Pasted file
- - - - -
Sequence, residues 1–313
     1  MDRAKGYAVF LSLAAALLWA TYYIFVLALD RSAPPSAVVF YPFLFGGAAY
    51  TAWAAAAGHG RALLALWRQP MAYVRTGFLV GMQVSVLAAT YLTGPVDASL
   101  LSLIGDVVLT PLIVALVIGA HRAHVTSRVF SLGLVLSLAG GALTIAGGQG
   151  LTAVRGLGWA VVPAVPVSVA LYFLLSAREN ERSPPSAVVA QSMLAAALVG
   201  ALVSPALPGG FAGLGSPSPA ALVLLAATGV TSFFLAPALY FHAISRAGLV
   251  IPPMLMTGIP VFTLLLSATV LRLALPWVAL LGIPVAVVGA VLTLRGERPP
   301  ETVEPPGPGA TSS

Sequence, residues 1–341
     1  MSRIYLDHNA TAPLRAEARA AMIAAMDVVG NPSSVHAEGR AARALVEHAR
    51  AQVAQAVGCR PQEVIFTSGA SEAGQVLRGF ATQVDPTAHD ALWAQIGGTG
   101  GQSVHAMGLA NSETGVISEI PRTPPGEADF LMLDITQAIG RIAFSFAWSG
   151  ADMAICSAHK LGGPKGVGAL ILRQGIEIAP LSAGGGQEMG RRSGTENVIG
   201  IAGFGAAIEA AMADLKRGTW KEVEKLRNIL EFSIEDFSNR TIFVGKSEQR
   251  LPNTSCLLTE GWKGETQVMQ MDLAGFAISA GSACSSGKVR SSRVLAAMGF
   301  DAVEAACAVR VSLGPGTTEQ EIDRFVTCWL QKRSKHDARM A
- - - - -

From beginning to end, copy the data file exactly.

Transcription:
Sequence, residues 1–313
     1  MDRAKGYAVF LSLAAALLWA TYYIFVLALD RSAPPSAVVF YPFLFGGAAY
    51  TAWAAAAGHG RALLALWRQP MAYVRTGFLV GMQVSVLAAT YLTGPVDASL
   101  LSLIGDVVLT PLIVALVIGA HRAHVTSRVF SLGLVLSLAG GALTIAGGQG
   151  LTAVRGLGWA VVPAVPVSVA LYFLLSAREN ERSPPSAVVA QSMLAAALVG
   201  ALVSPALPGG FAGLGSPSPA ALVLLAATGV TSFFLAPALY FHAISRAGLV
   251  IPPMLMTGIP VFTLLLSATV LRLALPWVAL LGIPVAVVGA VLTLRGERPP
   301  ETVEPPGPGA TSS

Sequence, residues 1–341
     1  MSRIYLDHNA TAPLRAEARA AMIAAMDVVG NPSSVHAEGR AARALVEHAR
    51  AQVAQAVGCR PQEVIFTSGA SEAGQVLRGF ATQVDPTAHD ALWAQIGGTG
   101  GQSVHAMGLA NSETGVISEI PRTPPGEADF LMLDITQAIG RIAFSFAWSG
   151  ADMAICSAHK LGGPKGVGAL ILRQGIEIAP LSAGGGQEMG RRSGTENVIG
   201  IAGFGAAIEA AMADLKRGTW KEVEKLRNIL EFSIEDFSNR TIFVGKSEQR
   251  LPNTSCLLTE GWKGETQVMQ MDLAGFAISA GSACSSGKVR SSRVLAAMGF
   301  DAVEAACAVR VSLGPGTTEQ EIDRFVTCWL QKRSKHDARM A